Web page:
One of Michael Dummett's arguments against Wittgensteinian ideas is that they are too destructive and Hacker's piece begins with a sub-section titled 'Not merely destructive' (39). What is it that might be destroyed? On the one hand it is the idea of a 'systematic theory', an intellectual tool with the same scope and explanatory power as we find theories in the physical sciences possessing. On this count I would probably side with the Wittgensteinians, but then so would the majority of 'postmodernists' who long ago gave up 'grand narratives' (by which is generally meant the idea of systematic theory with universal application). On the other hand, however, there is the distinction between force and sense (*Sinn* and *Kraft*), between a pragmatism and a semantics, which Dummett holds to be essentially Fregean and which he also holds to be destroyed by Wittgenstein's' work. [1] In addition, Dummett suggests the notion of *truth* is replaced by the notion of *justification of an utterance*. [2] On both these latter points it is not clear that Wittgenstein or the Wittgensteinians of this collection can offer any positive contribution to a Wittgensteinian understanding of the arts that can defend itself from these problems. Whilst they can and do point to conceptual confusions, the major confusion of a 'scientistic' theoretical stance seems a weak and perhaps non-existent target. The more positive implications of the arguments collected here would be to deny the legitimacy of any theoretical structure as an explanatory tool with which to investigate the humanities. It must then be asked, what would be left? Attention to context? Explanation on the basis of meanings determined by use or application?


The key question that has to be answered is how can we make explanations without generalising and how can we then generalise without, in practice, constructing a theory of sorts? We can describe, for example, films or artworks phenomenologically; we can ascribe subjective reactions to works of art; and we can share these things in a friendly (perhaps the word should be 'civilised') conversation, but this amounts to little more than the activity of a dinner party conversation. At what point are we going to be allowed a notion of explanation that is attached to a notion of *knowledge*? We can all *offer an explanation* of a film but how are we to begin to differentiate between *competing explanations*? In the end the attack on theory, whilst offering itself as attentive to the cultural objects under study, often appears as an attack on any revaluation of these objects grounded on a theoretical understanding of the *force* these objects have.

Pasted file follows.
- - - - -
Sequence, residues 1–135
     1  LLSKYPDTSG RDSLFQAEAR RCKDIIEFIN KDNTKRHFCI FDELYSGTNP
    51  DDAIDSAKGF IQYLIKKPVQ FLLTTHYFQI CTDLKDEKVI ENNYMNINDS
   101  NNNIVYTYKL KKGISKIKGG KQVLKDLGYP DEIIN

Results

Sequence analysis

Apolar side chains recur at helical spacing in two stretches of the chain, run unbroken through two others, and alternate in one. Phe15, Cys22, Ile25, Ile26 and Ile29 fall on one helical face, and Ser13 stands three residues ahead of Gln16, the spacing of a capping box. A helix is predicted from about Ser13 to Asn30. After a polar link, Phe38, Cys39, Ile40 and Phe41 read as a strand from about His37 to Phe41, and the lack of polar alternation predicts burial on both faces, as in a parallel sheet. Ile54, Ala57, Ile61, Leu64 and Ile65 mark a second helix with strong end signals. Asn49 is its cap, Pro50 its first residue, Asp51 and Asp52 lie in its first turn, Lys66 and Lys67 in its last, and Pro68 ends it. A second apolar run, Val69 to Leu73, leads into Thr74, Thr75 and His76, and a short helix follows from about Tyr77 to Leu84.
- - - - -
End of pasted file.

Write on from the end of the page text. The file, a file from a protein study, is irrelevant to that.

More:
Graham McFee's contribution (Chapter 4), for example, attempts to lay out a Wittgensteinian approach to judging artworks by taking the judgement process to be an act. In a rather complicated and dense chapter he attempts to take us through the delicate structures of justification for particular judgements but it becomes obvious he must rely upon a notion of a 'competent judge'. He argues that 'Wittgenstein's insight is that the idea of a competent judge does not require concretization . . . when the powers and capacities of such judges operate smoothly, there is nothing more to be said: they are marked out as competent judges . . . by this role in the explanation of art' (105-106). Underlying this competence in explaining art is the acceptance of the explanation -- the fact that it explains, that it helps us see something or gives us some insight which involves a process of valuing as much as simple perception (100-102). This is acceptable, perhaps, to a point and that point is precisely when I am given *two or more* explanations or insights which compete or even contradict each other. This situation seems impossible to rule out *a priori*, so we are left with a philosophical approach that is unable to do anything *precisely at the point when it is most needed*.


The issue of explanation, and quite what sort of explanation is needed with respect to the humanities, is central to a number of these essays and to the overall line they take. The basic gist of the argument is to point to a difference between the type of explanation called for in science and that which is called for in understanding the arts. In particular the difference between *showing a cause* and *giving a reason* is used to motivate a basic claim that there is conceptual confusion whenever someone tries to show the cause of some artwork or human intentional act. Human beings act in such a way that there are not really *causes* for their actions, even though they can still give *reasons*. Obviously this claim, so crudely put, could be denied by simply saying that there are obviously physical causes for many actions (such as hunger being the cause of hunting or gathering food). The Wittgensteinians instead want to point to things beyond simple needs, which may well have causes, and point to the notion of actions which could have been otherwise. [3] It is these actions, capable of being otherwise and thus in some sense understood to be 'free', which need to be understood through the distinction between showing a cause and giving a reason. If the person X gives a reason for action Y then that reason is a justification for that action if it is sincere and makes sense. If it is then argued that there is in fact some hidden cause for the action Y (sub-conscious drives and their particular construction in terms of the trauma of the individual, for example) then according to the Wittgensteinians we have missed the point.